You’ll need:

For Streaky Bacon – a boned joint of belly pork
For Back Bacon – a boned joint of loin of pork

In the supermarket, both of these are likely to be rolled and tied with string. Remove any string and unroll the meat. It should be noted that the rashers from these joints are smaller than those of commercial bacon as smaller pigs are used.

The Dry Cure

For this guide, we will pretend we are dry curing a piece of meat weighing 1930gm (1.93kg/4.24lb).

For each 1kg of meat we need:

22gm Salt
8gm Sugar
2.4gm Cure #1
0.4gm Sodium ascorbate (optional)

The sugar can be one of your choosing white, brown, Demerara or even honey or maple syrup. The darker the sugar: the stronger the flavour. A mixture of white and Demerara, or light brown sugar, makes tasty mild bacon.

Weigh your piece of meat and calculate the amount of cure you need…

If you have accurate scales:

For our 1930gm (1.93kg) example, that’s:
Salt 22gm x 1.93kg = 42.5gm
Sugar 8gm x 1.93kg = 15.4gm
Cure #1 – 2.4gm x 1.93kg = 4.6gm
Sodium ascorbate 0.4gm x 1.93kg = 0.77gm

You can add any herbs and spices you fancy. A sprinkle of black pepper and thyme keeps things simple.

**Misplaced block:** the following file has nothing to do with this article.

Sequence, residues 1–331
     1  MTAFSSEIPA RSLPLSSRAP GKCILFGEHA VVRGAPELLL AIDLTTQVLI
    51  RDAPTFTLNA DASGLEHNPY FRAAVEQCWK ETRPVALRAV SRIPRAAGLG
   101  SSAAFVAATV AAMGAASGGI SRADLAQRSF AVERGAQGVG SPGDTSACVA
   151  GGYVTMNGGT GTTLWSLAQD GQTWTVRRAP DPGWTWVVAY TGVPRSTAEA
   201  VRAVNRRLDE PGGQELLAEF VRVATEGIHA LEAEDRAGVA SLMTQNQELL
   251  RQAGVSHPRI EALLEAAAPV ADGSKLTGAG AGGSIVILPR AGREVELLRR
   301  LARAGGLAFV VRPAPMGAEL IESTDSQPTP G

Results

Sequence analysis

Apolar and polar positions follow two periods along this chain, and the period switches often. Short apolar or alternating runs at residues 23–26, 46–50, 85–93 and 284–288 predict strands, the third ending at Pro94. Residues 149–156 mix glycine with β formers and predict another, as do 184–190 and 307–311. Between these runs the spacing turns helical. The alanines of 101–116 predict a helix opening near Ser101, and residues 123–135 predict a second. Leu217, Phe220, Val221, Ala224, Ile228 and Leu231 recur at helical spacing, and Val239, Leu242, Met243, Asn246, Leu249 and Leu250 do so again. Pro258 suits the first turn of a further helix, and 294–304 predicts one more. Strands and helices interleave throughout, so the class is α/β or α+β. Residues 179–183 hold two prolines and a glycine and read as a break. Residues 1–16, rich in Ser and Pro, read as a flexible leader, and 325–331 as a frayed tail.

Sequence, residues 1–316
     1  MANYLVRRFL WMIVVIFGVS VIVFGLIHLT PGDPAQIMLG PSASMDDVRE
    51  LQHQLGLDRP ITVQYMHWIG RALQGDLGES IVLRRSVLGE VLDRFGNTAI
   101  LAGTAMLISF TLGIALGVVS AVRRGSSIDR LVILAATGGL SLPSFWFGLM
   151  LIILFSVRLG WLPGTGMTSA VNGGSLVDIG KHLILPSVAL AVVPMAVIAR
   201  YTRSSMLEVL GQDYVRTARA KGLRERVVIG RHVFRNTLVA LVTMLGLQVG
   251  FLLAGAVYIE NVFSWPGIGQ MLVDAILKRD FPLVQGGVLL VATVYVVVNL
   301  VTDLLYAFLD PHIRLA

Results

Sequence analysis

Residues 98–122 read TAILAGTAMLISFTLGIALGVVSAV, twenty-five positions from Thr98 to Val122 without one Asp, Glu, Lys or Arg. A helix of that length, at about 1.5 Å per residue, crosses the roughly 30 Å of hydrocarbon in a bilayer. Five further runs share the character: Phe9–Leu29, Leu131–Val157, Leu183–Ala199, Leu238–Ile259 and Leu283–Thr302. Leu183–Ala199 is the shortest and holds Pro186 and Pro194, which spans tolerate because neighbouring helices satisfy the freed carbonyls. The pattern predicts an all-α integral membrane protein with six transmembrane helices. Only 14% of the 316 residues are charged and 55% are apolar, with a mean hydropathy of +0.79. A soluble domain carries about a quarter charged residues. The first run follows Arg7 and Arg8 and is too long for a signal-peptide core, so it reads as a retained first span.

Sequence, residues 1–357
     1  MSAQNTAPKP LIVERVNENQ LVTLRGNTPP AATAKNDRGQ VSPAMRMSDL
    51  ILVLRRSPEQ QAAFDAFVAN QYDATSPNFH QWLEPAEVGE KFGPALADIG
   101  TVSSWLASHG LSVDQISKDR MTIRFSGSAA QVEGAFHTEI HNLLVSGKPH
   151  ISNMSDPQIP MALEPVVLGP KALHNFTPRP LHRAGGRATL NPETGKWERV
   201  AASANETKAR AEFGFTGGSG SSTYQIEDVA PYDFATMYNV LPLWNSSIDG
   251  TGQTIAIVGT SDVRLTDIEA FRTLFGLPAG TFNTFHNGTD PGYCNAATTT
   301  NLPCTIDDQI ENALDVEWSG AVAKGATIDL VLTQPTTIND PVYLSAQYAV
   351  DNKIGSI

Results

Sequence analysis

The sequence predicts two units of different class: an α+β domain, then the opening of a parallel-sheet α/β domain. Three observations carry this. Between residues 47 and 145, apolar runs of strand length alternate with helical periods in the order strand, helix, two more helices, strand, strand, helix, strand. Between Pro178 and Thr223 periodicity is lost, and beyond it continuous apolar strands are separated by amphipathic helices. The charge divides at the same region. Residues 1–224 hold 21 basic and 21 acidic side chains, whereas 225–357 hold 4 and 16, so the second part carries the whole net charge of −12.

If you don’t have accurate scales:

Make up a batch of cure:
Salt 220gm
Sugar 80gm
Cure #1 – 24gm
Sodium ascorbate 4gm (optional)

Now, ensuring it’s well mixed (you could grind it in a clean coffee grinder, if you have one, to make sure) use 33gm per kg meat. So in this case that would be 33gm x 1.93kg = 63.69gm (64gm to make it easier to weigh).

You can add any herbs and spices you fancy. A sprinkle of black pepper and thyme keeps things simple.

For easy calculation for all weights of meat use one of my online calculators:

For My Favourite Bacon – the moderately salted bacon that’s featured above.
Or, alternatively, this very Mild Bacon
Or, make up your own cure – this calculator will help you to do it safely: Bacon Cure Calculator

These and others can also be accessed via my Cured Meat Calculators page

Applying the Cure Mix to the Meat

The amount of cure mix may seem a lot less than you expected. Don’t add more, that’s how it’s meant to be.

Sprinkle about 80% – 90% of the cure mix onto the flesh side of the meat and rub well in, getting into all the folds and crevices. Don’t forget the ends. The remainder is sprinkled onto the skin/fat side and rubbed in well.